We are in similar trouble today. The American Church has so perfected its ‘seeker-friendly’ rap that it has lost the language of repentance—the call and will to die—in order to live for the only One worthy of our devotion. Instead we swath our spirituality in the language of pop psychology and gauge our well-being by whether or not we feel good.
Kierkegaard said it best in regards to the Church of his day: ‘It is all love and love…because God is Love and Love—nothing at all about rigorousness must be heard; it must all be the free language and nature of love…God’s love easily becomes a fabulous and childish conception, the figure of Christ too mild and sickly sweet for it to be true that Christ was and is an offense…’
The cross is offensive. It calls us to die to what seems like ‘life’ to us, in order to call us into a life of love that is defined by Him. Maybe Christ has another agenda: not our feeling good but our genuine good, based on His eternal purposes for our humanity.
He wants to save us! Our God has the power to save lives! That is the message not being heard by gays in the Church today. What they hear is that God will help preserve one’s good ‘gay’ life. What a lie. What a cowardly church!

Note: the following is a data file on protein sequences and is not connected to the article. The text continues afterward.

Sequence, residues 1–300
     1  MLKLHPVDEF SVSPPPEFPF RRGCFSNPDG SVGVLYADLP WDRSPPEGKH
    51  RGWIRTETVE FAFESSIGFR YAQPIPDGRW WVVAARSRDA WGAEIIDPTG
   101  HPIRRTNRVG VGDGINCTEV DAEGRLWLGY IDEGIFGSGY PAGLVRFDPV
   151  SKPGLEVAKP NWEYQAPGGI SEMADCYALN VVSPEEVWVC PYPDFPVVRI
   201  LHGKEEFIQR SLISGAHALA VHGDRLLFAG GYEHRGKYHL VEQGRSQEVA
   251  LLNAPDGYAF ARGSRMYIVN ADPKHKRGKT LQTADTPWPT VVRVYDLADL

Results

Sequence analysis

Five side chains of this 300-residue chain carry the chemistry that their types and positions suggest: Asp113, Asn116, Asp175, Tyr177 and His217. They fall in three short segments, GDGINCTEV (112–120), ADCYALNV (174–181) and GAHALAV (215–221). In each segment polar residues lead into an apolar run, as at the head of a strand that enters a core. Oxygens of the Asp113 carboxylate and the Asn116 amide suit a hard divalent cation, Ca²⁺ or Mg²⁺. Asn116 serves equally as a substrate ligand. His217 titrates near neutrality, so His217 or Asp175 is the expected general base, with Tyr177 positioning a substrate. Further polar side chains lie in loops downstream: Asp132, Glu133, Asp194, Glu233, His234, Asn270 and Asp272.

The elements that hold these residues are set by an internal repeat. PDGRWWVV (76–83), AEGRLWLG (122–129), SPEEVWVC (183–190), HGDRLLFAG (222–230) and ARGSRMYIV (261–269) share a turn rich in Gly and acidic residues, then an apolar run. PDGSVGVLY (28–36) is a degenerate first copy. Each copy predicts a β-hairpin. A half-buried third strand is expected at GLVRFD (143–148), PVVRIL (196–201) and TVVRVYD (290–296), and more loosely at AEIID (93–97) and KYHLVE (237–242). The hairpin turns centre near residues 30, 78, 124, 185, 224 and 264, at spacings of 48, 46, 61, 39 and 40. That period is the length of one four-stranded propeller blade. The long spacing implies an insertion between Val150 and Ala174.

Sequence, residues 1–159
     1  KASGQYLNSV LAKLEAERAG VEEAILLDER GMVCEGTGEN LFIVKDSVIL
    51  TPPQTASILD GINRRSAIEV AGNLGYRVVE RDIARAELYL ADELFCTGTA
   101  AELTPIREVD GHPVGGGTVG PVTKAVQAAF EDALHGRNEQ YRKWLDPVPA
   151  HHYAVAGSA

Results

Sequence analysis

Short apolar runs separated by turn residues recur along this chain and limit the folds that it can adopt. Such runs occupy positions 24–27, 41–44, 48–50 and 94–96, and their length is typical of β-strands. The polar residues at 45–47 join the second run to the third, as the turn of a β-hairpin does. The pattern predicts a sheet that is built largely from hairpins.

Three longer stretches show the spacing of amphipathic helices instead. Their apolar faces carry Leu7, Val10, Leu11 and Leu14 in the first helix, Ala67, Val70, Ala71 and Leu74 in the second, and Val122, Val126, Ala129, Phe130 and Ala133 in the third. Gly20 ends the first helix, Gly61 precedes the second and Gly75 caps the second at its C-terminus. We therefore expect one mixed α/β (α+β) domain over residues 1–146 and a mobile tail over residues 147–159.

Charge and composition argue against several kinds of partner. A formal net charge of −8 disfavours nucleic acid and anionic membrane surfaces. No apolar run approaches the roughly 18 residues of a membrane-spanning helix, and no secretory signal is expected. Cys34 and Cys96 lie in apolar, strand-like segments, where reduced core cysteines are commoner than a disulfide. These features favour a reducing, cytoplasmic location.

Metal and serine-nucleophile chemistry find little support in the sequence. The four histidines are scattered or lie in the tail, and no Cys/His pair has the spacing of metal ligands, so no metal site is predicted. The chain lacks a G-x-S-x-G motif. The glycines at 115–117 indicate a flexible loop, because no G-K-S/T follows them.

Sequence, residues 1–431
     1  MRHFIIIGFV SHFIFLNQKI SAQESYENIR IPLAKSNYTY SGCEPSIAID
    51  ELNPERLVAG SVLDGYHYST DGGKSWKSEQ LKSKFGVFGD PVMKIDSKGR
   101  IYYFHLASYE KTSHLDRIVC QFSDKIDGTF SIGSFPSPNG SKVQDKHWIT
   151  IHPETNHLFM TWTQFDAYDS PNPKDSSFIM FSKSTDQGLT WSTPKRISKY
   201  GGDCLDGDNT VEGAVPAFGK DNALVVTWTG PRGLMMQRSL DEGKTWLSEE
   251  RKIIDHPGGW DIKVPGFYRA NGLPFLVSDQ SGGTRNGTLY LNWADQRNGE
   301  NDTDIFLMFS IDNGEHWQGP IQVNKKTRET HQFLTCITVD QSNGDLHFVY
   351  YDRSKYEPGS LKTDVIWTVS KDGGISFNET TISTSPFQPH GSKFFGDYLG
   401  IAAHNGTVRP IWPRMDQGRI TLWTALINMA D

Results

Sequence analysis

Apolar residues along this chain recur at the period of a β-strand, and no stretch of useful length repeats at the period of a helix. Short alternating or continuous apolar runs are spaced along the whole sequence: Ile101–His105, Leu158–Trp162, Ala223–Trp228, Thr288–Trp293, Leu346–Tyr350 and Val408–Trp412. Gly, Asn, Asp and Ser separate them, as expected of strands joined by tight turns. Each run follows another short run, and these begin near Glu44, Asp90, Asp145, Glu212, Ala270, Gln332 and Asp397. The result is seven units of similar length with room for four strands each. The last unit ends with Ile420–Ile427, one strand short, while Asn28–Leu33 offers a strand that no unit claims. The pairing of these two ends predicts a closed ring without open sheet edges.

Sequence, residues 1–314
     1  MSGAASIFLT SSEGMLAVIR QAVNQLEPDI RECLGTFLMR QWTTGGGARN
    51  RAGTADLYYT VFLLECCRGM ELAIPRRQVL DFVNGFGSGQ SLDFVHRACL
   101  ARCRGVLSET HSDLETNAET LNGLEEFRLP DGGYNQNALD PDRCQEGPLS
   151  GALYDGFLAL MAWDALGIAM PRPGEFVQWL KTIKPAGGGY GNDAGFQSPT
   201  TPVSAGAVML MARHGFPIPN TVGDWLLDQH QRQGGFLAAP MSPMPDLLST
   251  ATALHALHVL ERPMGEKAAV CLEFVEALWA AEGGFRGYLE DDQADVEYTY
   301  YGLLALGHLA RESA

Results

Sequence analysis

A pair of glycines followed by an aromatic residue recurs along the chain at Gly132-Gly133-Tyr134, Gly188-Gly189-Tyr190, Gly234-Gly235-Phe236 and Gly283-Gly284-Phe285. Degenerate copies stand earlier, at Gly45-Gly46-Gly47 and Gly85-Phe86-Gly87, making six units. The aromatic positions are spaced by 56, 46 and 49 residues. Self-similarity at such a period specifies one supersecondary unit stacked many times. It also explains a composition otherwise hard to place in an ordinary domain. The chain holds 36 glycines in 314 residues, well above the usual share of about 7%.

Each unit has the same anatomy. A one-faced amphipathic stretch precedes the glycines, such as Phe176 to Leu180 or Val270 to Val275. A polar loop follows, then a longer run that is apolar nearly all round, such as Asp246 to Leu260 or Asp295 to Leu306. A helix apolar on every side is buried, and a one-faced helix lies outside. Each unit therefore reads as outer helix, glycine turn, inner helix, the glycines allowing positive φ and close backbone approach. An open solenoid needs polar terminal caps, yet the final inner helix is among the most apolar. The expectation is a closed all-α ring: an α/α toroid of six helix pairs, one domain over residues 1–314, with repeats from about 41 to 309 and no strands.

How grateful I am for the amazing men and women who told me the whole truth: they embraced me while they mirrored gently the truth of my sin. That hurt, but it resonated with the ‘sin-sickness’ already destroying me. Their whole Gospel broke the ground for mercy to mature in me.
My first son recently married an amazing woman, next year my second son weds an equally fine bride. I am currently reaping what God sowed in me when he called me to stop pursuing men sexually and to fall down before Himself. What I lost is nothing in contrast to the life He has given me. And through me, to an amazing wife and a host of sons and daughters.
"I tell you the truth, unless a kernel of wheat falls into the ground and dies, it remains only a single seed. But if it dies, it produces many seeds." John 12: 24.
Part 2 of 4
Demoralizing the Gospel: My Take on Adam Hamilton's 'When Christians Get it Wrong'
Morality is a bad word these days. It connotes finger-pointing fundamentalists who lurk in church corners, ready to skewer the disobedient. After all, morality involves ascribing good or evil to particular actions.
That can be a bitter pill for sexual sinners to swallow. The New Testament regards sexual activity outside of marriage as grounds for jeopardizing one’s entrance into God’s Kingdom.